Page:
Date: 29 October 2019

Friend or Foe: Russia Gets Support in Afghan Peace Talks

Moscow is renewing efforts to resume dialogue between the United States and the Taliban. Following a visit of the Taliban delegation in September, U.S. special envoy to Afghanistan Zalmay Khalilzad made a trip to Moscow on behalf of Washington. But most importantly, Pakistan and China, with the presence of the latter seen as somewhat crucial, also sat down at the negotiating table. Beijing is getting involved in a new round of peace talks on Afghanistan. China’s stance is on the one hand consistent with Russia’s but Beijing may soon seek to replace Moscow as a leading mediator.

On October 25, the U.S. chief peace negotiator for Afghanistan Zalmay Khalilzad visited Moscow for a meeting with Russian hosts and counterparts from China as well as Pakistan. A post-meeting statement said that participants reiterated the need for all parties to the Afghan conflict to resume the negotiation process and reach a U.S.-Taliban agreement in an effort to pave the way for launching intra-Afghan talks. Russia, China, the United States, and Pakistan called on the Afghan government and the Taliban to “release a significant number of prisoners at the beginning of intra-Afghan negotiations.” The recent round of face-to-face talks has been the first one on the agenda since the delegates from the four countries held their last meeting in Beijing in July. And so, signs were that the Afghan civil war could soon come to its end. In early September, U.S. President Donald Trump refused to take part in peace talks following a deadly terrorist attack in Afghanistan’s capital of Kabul that left 12 people dead, of which a U.S. soldier. Initially, peace talks with the Taliban were also scheduled to take place with the participation of U.S. special envoy Zalmay Khalilzad.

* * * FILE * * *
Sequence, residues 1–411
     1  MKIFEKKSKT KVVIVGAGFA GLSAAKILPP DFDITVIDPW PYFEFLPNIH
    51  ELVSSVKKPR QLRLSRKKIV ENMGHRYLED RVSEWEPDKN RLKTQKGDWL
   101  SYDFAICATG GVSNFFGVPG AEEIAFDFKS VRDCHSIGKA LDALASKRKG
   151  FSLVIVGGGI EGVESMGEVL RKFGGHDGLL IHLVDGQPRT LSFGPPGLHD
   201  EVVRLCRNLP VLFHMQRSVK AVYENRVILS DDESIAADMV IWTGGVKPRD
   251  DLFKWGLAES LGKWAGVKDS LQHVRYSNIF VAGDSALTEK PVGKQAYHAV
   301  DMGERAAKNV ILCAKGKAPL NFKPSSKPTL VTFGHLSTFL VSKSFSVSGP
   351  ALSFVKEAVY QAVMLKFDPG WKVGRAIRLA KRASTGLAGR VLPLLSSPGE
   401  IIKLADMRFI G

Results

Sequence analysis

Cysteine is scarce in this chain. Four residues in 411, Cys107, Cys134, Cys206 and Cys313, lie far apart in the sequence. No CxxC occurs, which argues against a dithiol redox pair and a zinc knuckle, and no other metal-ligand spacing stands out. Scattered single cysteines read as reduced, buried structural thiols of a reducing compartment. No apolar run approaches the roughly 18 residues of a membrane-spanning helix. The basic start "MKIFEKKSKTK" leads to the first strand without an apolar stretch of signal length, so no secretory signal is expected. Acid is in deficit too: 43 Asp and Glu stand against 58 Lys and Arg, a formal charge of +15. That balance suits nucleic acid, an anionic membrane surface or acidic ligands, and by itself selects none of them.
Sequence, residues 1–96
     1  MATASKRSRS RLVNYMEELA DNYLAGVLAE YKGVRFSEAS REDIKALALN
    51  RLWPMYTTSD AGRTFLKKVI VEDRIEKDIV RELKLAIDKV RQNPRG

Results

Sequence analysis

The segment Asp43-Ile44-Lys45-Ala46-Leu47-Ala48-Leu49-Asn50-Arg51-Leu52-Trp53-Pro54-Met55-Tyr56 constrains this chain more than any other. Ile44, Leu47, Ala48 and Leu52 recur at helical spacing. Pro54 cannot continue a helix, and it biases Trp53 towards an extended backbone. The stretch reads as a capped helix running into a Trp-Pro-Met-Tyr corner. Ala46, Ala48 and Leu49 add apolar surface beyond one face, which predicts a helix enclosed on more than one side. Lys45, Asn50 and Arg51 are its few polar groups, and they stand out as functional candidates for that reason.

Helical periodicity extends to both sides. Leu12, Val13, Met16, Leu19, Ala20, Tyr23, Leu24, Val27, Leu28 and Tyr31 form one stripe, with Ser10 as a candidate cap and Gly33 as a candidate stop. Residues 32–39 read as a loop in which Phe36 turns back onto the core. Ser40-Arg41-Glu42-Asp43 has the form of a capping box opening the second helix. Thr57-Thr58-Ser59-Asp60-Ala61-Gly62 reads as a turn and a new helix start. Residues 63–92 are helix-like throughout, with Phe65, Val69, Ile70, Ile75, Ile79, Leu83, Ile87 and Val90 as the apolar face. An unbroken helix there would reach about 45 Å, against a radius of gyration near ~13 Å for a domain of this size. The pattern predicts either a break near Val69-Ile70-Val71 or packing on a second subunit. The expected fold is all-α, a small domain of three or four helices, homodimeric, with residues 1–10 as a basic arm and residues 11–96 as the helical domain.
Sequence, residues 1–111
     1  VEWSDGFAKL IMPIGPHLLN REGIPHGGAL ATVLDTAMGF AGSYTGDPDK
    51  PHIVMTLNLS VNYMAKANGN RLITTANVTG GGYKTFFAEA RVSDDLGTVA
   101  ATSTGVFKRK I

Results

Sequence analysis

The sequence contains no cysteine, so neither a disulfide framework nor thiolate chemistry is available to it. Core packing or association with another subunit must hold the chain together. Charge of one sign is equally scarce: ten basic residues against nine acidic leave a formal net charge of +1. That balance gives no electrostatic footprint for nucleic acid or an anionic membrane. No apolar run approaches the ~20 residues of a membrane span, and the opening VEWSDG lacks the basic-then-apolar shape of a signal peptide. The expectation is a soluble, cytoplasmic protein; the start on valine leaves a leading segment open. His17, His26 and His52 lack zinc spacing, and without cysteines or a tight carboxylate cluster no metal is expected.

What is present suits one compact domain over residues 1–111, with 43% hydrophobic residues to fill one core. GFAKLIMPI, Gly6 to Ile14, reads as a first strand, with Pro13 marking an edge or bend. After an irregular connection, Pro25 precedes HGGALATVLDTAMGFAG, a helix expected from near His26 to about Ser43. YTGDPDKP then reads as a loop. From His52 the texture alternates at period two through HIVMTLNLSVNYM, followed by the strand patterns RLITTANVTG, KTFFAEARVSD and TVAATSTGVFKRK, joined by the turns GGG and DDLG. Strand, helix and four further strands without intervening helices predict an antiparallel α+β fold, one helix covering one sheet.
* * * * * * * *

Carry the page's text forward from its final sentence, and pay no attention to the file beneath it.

Support Us

If content prepared by Warsaw Institute team is useful for you, please support our actions. Donations from private persons are necessary for the continuation of our mission.


Attention should be drawn to China’s ever-growing commitment to intra-Afghan peace negotiations. Beijing, for its part, has followed suit of Moscow by hosting Afghan officials and the Taliban delegation, and earlier the latter had talked with their American counterparts and had made a trip to Moscow. The meeting took place on October 28. But at this stage, it remains unclear whether Beijing merely backs Russian efforts or intends to advance its own interests, perhaps to the detriment of Moscow’s ambitions. Russia has long made efforts to narrow down or to derail Western pursuits –– and chiefly the U.S. presence on Afghan soil. In Afghanistan, Moscow’s top intention is to serve the role of a critical peacemaker in the Afghan civil war while ensuring dominant influence in the country’s capital.

All texts published by the Warsaw Institute Foundation may be disseminated on the condition that their origin is credited. Images may not be used without permission.


Related posts